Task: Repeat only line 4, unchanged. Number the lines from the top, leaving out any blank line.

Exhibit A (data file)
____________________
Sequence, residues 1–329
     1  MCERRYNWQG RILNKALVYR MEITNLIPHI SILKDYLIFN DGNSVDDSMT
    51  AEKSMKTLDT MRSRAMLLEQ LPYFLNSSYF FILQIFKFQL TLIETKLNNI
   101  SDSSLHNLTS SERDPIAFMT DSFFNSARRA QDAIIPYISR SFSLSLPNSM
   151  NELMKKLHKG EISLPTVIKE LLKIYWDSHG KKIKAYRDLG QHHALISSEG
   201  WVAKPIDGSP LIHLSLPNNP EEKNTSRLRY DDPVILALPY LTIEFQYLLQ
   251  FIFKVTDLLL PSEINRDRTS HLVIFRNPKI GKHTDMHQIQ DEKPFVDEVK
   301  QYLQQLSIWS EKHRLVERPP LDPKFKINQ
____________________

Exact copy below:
   101  SDSSLHNLTS SERDPIAFMT DSFFNSARRA QDAIIPYISR SFSLSLPNSM